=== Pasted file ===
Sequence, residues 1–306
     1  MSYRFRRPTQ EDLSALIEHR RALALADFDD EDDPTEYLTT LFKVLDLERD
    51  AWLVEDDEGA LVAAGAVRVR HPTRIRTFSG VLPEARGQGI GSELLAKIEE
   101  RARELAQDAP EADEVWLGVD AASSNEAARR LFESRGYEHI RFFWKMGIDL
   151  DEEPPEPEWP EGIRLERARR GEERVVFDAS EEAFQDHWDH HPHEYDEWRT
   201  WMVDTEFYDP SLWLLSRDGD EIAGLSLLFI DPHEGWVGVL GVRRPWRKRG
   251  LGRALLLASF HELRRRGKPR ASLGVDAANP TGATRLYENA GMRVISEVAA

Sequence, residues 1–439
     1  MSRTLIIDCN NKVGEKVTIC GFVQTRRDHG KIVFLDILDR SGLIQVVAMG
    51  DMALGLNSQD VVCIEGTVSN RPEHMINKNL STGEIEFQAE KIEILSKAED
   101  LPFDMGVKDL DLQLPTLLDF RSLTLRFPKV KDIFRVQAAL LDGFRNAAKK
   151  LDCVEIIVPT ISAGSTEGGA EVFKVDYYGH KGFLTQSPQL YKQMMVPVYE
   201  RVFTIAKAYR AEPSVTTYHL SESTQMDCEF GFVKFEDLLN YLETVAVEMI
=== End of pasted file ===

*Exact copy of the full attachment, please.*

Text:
Sequence, residues 1–306
     1  MSYRFRRPTQ EDLSALIEHR RALALADFDD EDDPTEYLTT LFKVLDLERD
    51  AWLVEDDEGA LVAAGAVRVR HPTRIRTFSG VLPEARGQGI GSELLAKIEE
   101  RARELAQDAP EADEVWLGVD AASSNEAARR LFESRGYEHI RFFWKMGIDL
   151  DEEPPEPEWP EGIRLERARR GEERVVFDAS EEAFQDHWDH HPHEYDEWRT
   201  WMVDTEFYDP SLWLLSRDGD EIAGLSLLFI DPHEGWVGVL GVRRPWRKRG
   251  LGRALLLASF HELRRRGKPR ASLGVDAANP TGATRLYENA GMRVISEVAA

Sequence, residues 1–439
     1  MSRTLIIDCN NKVGEKVTIC GFVQTRRDHG KIVFLDILDR SGLIQVVAMG
    51  DMALGLNSQD VVCIEGTVSN RPEHMINKNL STGEIEFQAE KIEILSKAED
   101  LPFDMGVKDL DLQLPTLLDF RSLTLRFPKV KDIFRVQAAL LDGFRNAAKK
   151  LDCVEIIVPT ISAGSTEGGA EVFKVDYYGH KGFLTQSPQL YKQMMVPVYE
   201  RVFTIAKAYR AEPSVTTYHL SESTQMDCEF GFVKFEDLLN YLETVAVEMI